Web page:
Britain's Second Aircraft Carrier HMS Prince of Wales Afloat for the First Time
(Source: Royal Navy; issued Dec 21, 2017)
A week after the first British aircraft carrier, HMS Queen Elisabeth, was commissioned into the fleet, her sister ship HMS Prince of Wales was floated out from the drydock where she was built at the Rosyth shipyard. (ACA photo)
HMS Prince of Wales has been floated and moved to her fitting-out berth at Rosyth.
In a delicate overnight operation, sluices were opened and water gradually filled the dry dock, specially enlarged for the 65,000-tonne warship and her older sister HMS Queen Elizabeth.
The next step is to move the ship from her home for the past three years to the neighbouring basin and J and K berths, where her sister was fitted out before departing on sea trials during the summer.
Crew and engineers from the Aircraft Carrier Alliance monitored the process throughout, while a flotilla of tugs moved the leviathan the short distance to her new berth.
"For me, seeing water surround the ship has really made it transform from being a ship in build to a ship preparing to go to sea," said Sub Lieutenant Freddie Spreckley, who's just joined the ship as a marine engineer after completing his professional training at HMS Sultan in Gosport.
"I was privileged to be one of the last few people to walk underneath the ship before the sluices opened and flooded the dock. It was very exciting - a once-in-a-lifetime opportunity - to be involved with this engineering milestone in the ship's life and historic moment for the Royal Navy."
Captain Ian Groom, the carrier's Senior Naval Officer, said that the effort made by teams from industry, the Ministry of Defence and the ship's company to reach this milestone had been "immense".
He continued: "It has been a massive team effort and I am proud of every individual contribution. It is a fitting end to the Year of the Navy to have HMS Queen Elizabeth commissioned and HMS Prince of Wales undocked and afloat for the first time.
"As the second of her class, HMS Prince of Wales is of strategic significance ensuring continuous carrier strike capability. Working as one team we are delivering an unmistakable sign of commitment to the defence of our great nation and that of our allies."
Prince of Wales is 3,000 tonnes heavier than her sister was at the same stage - as the second ship in the class, construction and fitting out has moved more swiftly thanks to the lessons learned building HMS Queen Elizabeth.
Originally planned for 2018, the 'undocking' of the carrier took place ahead of schedule and just three months after the carrier was officially named by HRH the Duchess of Rothesay, as the Duchess of Cornwall is titled in Scotland.
The next milestone in the ship's life will be the first running up of the generators and gas turbines, bringing the ship to life, which are earmarked for middle of 2018, followed by sea trials in 2019.
HMS Prince of Wales Floats Out
(Source: Aircraft Carrier Alliance; issued Dec 21, 2017)
HMS PRINCE OF WALES, the second aircraft carrier being built by the Aircraft Carrier Alliance for the Royal Navy, has been successfully floated out of the dock at Rosyth.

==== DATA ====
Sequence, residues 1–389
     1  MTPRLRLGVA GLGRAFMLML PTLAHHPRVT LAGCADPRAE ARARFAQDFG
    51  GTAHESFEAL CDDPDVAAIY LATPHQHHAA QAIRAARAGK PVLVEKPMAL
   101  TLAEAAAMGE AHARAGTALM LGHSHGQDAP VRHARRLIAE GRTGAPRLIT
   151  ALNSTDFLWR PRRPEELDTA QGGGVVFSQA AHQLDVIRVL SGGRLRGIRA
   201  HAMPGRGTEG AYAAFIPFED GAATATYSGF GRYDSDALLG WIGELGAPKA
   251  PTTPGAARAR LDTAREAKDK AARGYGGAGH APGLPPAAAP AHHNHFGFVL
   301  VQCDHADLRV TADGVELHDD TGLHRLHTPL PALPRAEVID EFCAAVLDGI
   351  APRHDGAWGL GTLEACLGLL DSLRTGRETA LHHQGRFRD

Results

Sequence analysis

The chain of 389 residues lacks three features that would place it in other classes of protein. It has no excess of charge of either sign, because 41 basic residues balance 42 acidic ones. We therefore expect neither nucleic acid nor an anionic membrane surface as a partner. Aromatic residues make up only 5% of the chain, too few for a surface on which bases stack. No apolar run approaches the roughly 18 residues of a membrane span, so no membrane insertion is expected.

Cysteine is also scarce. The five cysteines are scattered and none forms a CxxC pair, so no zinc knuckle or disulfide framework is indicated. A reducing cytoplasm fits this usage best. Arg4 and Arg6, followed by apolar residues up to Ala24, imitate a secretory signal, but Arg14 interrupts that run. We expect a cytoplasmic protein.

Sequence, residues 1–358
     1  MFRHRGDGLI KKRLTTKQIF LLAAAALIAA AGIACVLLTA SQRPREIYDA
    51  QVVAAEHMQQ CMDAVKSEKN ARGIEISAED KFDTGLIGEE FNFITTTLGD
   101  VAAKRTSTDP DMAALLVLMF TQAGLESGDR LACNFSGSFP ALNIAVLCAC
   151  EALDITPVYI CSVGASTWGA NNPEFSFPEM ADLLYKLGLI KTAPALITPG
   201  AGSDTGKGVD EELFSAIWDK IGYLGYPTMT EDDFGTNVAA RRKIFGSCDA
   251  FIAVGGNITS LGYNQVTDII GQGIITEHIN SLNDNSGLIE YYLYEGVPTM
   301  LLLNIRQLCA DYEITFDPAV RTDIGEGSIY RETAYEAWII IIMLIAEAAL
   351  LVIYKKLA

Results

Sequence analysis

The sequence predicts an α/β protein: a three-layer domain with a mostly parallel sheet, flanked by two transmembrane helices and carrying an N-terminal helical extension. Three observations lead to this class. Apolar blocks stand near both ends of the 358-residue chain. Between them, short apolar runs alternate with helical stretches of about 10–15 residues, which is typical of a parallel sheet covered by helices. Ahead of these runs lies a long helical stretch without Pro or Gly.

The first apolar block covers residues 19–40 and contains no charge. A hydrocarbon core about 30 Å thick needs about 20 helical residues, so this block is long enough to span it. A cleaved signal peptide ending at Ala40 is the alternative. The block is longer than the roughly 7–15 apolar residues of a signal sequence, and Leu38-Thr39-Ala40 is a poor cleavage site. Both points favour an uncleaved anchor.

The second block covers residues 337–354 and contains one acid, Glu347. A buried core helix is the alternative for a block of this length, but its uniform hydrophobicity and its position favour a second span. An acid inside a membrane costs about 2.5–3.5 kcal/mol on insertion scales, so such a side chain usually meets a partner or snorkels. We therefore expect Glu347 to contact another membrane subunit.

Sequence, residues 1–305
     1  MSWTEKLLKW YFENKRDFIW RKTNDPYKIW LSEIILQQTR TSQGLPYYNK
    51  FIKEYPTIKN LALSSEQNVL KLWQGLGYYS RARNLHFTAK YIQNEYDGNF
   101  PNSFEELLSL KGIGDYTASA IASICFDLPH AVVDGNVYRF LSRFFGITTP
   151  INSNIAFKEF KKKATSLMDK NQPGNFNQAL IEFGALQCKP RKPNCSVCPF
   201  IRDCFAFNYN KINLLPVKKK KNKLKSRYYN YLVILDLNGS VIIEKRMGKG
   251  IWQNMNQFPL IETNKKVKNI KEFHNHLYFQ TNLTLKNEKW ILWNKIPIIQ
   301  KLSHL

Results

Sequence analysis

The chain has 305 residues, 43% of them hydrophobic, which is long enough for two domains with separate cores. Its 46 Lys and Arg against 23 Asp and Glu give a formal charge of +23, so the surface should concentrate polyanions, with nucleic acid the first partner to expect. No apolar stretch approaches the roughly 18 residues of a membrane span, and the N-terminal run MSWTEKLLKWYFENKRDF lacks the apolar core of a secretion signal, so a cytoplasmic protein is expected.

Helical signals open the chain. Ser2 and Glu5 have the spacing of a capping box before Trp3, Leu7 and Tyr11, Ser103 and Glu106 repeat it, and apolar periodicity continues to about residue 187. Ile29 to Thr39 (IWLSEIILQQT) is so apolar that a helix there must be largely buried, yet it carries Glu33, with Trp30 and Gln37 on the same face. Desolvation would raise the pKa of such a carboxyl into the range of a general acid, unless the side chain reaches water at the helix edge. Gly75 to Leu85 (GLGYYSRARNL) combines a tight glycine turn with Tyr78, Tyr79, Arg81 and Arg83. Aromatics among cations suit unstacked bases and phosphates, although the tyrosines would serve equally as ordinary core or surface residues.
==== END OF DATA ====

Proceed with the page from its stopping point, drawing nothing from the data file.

In an operation that started earlier this week, the dry dock was filled with water to allow HMS PRINCE OF WALES to float into the waters of the non-tidal basin for the first time. In a two-hour operation, using eight tugs, she was then manoeuvred out of the dock with just 1.5 feet clearance at either side. HMS PRINCE OF WALES is now berthed at a nearby jetty, where the team will continue to outfit the ship and steadily bring her systems to life in preparation for sea trials in 2019.
This latest development in the programme comes just three months after the Duchess of Rothesay formally named the 65,000-tonne aircraft carrier at a ceremony in Rosyth, where the ship has been assembled.
Defence Minister Harriett Baldwin said: "This is an important moment in the monumental programme to build these two magnificent ships. I would like to thank the 10,000 people from across the UK who have helped us make such progress during 2017 on both HMS QUEEN ELIZABETH and HMS PRINCE OF WALES."
Sir Simon Lister, Managing Director of the Aircraft Carrier Alliance, said: “2017 has been a remarkable year for the 10,000 men and women who have been involved in the design and construction of the Queen Elizabeth Class carriers. This milestone marks a significant moment in HMS PRINCE OF WALES’ build programme and I would like to pay tribute to all those who have dedicated their efforts to this great national endeavour.
“The ship is already benefiting from the lessons learned in the construction of HMS QUEEN ELIZABETH, which is testament to the skills of the British shipbuilding industry and proves that we still have what it takes to be a great maritime industrial nation.”
Captain Ian Groom, Senior Naval Officer, said: “The effort from our industry colleagues, Ministry of Defence and Naval personnel to get us to this point has been immense. It has been a massive team effort and I am proud of every individual contribution. It is a fitting end to the Year of the Navy to have HMS QUEEN ELIZABETH commissioned and HMS PRINCE OF WALES undocked and afloat for the first time.
“As the second of her class, HMS PRINCE OF WALES is of strategic significance, ensuring continuous carrier strike capability. Working as one team, we are delivering an unmistakable sign of commitment to the defence of our great nation and that of our allies.”
The team at the Aircraft Carrier Alliance, comprising the Ministry of Defence, BAE Systems, Babcock and Thales, is preparing to handover HMS PRINCE OF WALES to the Royal Navy in 2019.